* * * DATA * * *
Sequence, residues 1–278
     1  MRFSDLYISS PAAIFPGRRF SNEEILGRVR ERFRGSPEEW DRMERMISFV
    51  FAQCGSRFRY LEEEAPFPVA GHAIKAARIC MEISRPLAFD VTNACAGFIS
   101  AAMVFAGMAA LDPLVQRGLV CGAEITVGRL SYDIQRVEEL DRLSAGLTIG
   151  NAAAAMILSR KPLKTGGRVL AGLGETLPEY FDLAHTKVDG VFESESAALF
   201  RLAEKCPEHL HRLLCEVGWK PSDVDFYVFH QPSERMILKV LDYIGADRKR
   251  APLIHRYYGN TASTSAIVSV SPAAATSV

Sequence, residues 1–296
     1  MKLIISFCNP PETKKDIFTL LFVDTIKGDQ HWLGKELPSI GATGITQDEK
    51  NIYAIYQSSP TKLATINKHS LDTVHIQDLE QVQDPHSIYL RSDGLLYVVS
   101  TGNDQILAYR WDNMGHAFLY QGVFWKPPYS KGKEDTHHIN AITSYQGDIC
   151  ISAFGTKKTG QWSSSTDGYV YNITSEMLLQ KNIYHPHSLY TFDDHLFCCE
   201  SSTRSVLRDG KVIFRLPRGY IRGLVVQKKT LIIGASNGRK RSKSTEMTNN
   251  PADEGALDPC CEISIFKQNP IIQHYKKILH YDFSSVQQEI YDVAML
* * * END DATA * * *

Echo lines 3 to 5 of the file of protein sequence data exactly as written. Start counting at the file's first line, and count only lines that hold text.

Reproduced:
    51  FAQCGSRFRY LEEEAPFPVA GHAIKAARIC MEISRPLAFD VTNACAGFIS
   101  AAMVFAGMAA LDPLVQRGLV CGAEITVGRL SYDIQRVEEL DRLSAGLTIG
   151  NAAAAMILSR KPLKTGGRVL AGLGETLPEY FDLAHTKVDG VFESESAALF